The Road to Zion


Originally published in the January 2013 issue of Lake & Sumter Style Magazine. Text and Photos by Mary Ann DeSantis.


Utah’s State Road 9 runs through Zion National Park for a breathtaking 14-mile drive that National Geographic describes as one of “America’s 100 best adventures.”

The drive through Zion National Park on State Road 9, also known as the Zion-Mt. Carmel Highway, in southern Utah certainly took my breath away. Steep ravines where no bottom Emerald Trailseemed to exist, long tunnels with no end in sight, and tight switchbacks where drivers rode the brakes for miles created a nail-biting experience. In the end, though, the journey into one of America’s most awe-inspiring national parks was worth every white-knuckled hairpin turn.

Ancestral Puebloans who inhabited the area thousands of years ago, as well as the Mormon pioneers who came to the region in the 1800s, considered the rocky canyons to be a refuge from the desert’s harsh climates. Zion means “promised land,” and the name certainly evoked the park’s significance after the drive from Bryce Canyon National Park to Zion’s gateway town of Springdale.

The Zion-Mt. Carmel Highway descends 2,000 feet from the park’s east entrance and skirts along Zion’s southern edge. When we finally pulled into the Zion Park Motel at dusk, my husband and I exhaled deeply and promised ourselves we would gather our courage to return to some of the highway’s overlooks for photographs.

Neither photos nor words do justice to the grandeur of Zion’s sandstone peaks, especially as the late afternoon shadows creep from one side of the highway to the other. This trip to three of America’s most beautiful national parks — Grand Canyon, Bryce Canyon, and Zion — had been on our bucket lists for years. We saved Zion National Park for last, as it was the one we most wanted to explore.

waterfall-with-hiker“All this is the music of the waters,” scientific explorer John Wesley Powell said of Zion in 1895. Zion’s peaks have been and continue to be carved by water. Weeping rocks create hanging gardens and waterfalls end in natural reflecting pools. Hiking the famous Zion Narrows requires wading shoes and waterproof bags, as the trail runs not alongside but rather in the Virgin River. The picturesque trail is also famous for flash floods and can be closed to hikers for impending storms.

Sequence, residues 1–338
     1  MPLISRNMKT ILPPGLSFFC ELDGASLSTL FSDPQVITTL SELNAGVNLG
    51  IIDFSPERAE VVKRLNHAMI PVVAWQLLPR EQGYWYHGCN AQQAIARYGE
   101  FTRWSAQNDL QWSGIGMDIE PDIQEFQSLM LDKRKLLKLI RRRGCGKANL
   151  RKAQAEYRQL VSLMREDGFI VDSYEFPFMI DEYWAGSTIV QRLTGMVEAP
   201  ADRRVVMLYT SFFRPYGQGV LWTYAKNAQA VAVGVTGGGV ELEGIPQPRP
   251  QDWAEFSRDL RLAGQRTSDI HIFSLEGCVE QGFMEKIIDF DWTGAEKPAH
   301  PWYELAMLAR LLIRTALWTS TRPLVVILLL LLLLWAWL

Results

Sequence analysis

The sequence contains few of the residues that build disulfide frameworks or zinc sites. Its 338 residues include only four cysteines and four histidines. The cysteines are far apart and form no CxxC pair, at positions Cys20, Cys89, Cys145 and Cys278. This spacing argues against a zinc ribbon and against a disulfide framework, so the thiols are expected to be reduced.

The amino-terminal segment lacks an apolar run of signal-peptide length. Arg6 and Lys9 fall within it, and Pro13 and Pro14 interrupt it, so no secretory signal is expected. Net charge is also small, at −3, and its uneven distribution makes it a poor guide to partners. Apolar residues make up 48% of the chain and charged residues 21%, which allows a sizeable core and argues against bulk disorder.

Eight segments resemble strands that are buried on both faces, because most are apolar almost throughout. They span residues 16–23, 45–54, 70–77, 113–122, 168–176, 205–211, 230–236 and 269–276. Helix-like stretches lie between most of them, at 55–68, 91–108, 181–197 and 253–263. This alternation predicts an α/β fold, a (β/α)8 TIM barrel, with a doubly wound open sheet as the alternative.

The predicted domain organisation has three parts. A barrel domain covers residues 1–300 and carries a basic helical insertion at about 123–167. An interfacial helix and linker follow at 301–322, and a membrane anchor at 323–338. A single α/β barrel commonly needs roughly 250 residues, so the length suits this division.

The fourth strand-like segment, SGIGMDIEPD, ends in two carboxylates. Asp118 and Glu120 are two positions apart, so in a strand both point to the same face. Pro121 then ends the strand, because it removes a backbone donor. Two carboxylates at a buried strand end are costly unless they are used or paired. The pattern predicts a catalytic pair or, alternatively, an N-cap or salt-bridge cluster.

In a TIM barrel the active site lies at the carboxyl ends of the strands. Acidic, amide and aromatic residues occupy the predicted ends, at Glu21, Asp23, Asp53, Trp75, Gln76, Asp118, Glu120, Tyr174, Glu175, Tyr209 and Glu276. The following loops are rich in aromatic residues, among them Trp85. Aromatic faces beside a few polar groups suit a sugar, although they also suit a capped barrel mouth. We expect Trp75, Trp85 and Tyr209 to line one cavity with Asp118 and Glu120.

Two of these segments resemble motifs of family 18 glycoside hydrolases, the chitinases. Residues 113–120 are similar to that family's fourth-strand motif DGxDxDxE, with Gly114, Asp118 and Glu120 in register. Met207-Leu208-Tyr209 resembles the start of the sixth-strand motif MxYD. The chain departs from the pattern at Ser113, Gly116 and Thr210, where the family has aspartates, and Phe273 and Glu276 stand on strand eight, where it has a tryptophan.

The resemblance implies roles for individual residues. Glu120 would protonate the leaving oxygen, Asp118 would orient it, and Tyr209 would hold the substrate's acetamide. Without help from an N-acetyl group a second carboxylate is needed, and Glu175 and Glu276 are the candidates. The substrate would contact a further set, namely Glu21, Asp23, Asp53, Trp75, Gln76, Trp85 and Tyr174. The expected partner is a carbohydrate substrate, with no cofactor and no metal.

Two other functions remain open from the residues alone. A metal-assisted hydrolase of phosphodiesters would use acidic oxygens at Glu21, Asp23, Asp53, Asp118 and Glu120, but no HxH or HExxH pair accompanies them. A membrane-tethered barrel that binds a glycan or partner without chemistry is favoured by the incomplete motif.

Shuttles provide access from Springdale and the Zion Visitors Center to the park’s trail heads on the 6.6-mile Zion Canyon Scenic Drive from April 1 through October. At nearly 150,000 acres — and much of it wilderness — Zion National Park is impossible to see in one visit or, for that matter, in a lifetime. Hiking a trail is the only way to truly experience the park. The easy Riverside Walk alongside the Virgin River is paved and wheelchair accessible. At its end, the more rugged hikers wade toward the often-photographed Narrows, where rock walls are 2,000 feet high but only twenty-to-thirty feet apart in places.

We chose to hike the moderate Emerald Pools and Grotto Trails, where the climb was steep enough to enjoy majestic views without creating additional nail-biting experiences. I also recommend catching the sunrise behind the Zion Human History Museum where the cream, pink, and red colors on the Towers of the Virgin and Bridge Mountain are dramatic.

Virgin-River-View--revisedAnd we really did keep our promise to return to the Zion-Mt. Carmel Highway, our road to Zion. This time we were prepared to pull over at the designated areas where we could inhale the beauty that inspires visitors today just as it did for Native Americans and early pioneers.


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